Frequently Asked Questions
Consumer Compliance FAQ for Check Clearing for the 21st Century Act (Check 21) and the Implementing Regulation (12 CFR 229)
1. How is “bank” defined with respect to the Check 21 Act?
The implementing regulation defines bank to mean an insured bank, a mutual savings bank, a savings bank, an insured credit union, a savings association, an agency or a branch of a foreign bank, and members of a Federal Home Loan Bank. The term “bank” also includes any person engaged in the business of banking, as well as a Federal Reserve Bank, a Federal Home Loan Bank, and a state or unit of general local government to the extent that the state or unit of general local government acts as a paying bank. Unless otherwise specified, the term “bank” includes all of a bank’s offices in the United States, but not offices located outside the United States. A bank also includes the Treasury of the United States and the United States Postal Service to the extent that they act as a paying bank.
2. What is check truncation?
Check truncation refers to removing an original paper check from the check collection or return. With Check 21, a substitute check or an electronic image of the original paper check replaces the original check in the collection or return process and is cleared through the check-clearing network.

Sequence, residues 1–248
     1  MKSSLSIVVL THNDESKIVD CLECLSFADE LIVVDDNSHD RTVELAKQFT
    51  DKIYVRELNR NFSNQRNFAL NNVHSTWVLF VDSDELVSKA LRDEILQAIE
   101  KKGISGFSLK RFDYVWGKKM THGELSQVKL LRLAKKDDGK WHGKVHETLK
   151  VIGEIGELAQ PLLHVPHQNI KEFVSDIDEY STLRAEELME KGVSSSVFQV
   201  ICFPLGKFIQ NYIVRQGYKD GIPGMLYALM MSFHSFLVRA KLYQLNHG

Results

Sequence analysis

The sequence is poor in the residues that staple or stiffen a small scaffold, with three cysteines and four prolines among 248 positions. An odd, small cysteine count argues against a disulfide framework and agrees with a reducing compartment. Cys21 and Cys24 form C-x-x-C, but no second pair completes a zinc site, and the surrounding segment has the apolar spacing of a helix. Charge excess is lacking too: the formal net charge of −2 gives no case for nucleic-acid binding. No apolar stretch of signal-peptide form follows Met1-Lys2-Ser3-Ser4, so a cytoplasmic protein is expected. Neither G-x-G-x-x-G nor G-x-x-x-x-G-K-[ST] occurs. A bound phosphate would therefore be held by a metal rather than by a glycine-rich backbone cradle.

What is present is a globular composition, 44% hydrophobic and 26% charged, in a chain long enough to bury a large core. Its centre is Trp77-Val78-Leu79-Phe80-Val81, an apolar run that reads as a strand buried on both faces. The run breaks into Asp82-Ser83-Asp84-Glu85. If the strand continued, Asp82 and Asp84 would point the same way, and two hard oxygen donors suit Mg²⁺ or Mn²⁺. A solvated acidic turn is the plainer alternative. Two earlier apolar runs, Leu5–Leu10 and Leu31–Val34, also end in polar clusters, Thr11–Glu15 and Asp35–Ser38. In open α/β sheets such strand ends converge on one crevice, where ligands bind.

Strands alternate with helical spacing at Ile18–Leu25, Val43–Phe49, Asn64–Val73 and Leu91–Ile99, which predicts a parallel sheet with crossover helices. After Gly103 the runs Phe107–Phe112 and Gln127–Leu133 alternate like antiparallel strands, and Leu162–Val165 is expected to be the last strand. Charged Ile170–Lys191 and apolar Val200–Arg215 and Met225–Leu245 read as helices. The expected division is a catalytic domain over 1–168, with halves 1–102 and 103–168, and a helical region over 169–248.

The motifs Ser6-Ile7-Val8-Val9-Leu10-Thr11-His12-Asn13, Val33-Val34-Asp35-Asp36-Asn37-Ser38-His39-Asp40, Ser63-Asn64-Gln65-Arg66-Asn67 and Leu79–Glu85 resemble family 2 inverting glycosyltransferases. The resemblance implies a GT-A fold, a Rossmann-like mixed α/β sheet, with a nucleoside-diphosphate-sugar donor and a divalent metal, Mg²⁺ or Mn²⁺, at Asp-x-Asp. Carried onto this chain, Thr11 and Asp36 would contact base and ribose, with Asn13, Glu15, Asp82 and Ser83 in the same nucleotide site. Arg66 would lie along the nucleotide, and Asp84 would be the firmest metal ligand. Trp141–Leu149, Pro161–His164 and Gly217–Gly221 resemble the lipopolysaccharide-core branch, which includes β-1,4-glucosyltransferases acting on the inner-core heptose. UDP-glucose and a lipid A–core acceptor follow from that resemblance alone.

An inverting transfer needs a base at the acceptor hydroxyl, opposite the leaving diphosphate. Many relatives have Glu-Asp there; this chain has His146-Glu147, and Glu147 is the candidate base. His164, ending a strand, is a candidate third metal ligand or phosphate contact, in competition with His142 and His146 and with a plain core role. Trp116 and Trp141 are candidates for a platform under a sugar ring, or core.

3. What is a substitute check?
A substitute check is a paper reproduction of an original paper check that must (1) contain an image of the front and back of the original check, (2) bear a Magnetic Ink Character Recognition (MICR) line containing all the information from the original check MICR line, except as provided in industry standards to facilitate substitute check processing, (3) conform in paper stock, dimension, and otherwise with industry standards, and (4) be suitable for automated processing in the same manner as the original check.
4. When is a substitute check legally the same as the original check it represents?
To be the legal equivalent of the original check, the substitute check must meet each of the requirements described in the previous paragraph and, in addition, must (1) accurately represent all the information from the original check (i.e., must bear a legible image of the original check) and (2) bear the legend “This is a legal copy of your check. You can use it the same way you would use the original check.”
5. What is the industry standard?
The industry standard that governs substitute checks is American National Standard Specifications for an Image Replacement Document – IRD, X9.100-140 (ANS X9.100-140).
6. How do the Check 21 Act and the final rule define “accounts”?
For the purposes of subpart D (Check 21) “account” means all deposit accounts as defined in Reg. D, 12 CFR 204.2(a)(1)(i). This includes transaction, savings, MMDA and time deposits.
For the purposes of subparts A and B (General and Availability of Funds and Disclosure of Funds Availability Policies) of Reg. CC “account” means any transaction account except interbank accounts.
For the purposes of subpart C (Collection of Checks) “account” means any transaction account, including interbank accounts.
7. How are consumer accounts defined for the purposes of Check 21?
The definition of “consumer account” in Reg. CC hasn’t changed, and it applies throughout the regulation. It’s an account used primarily for personal, family, or household purposes.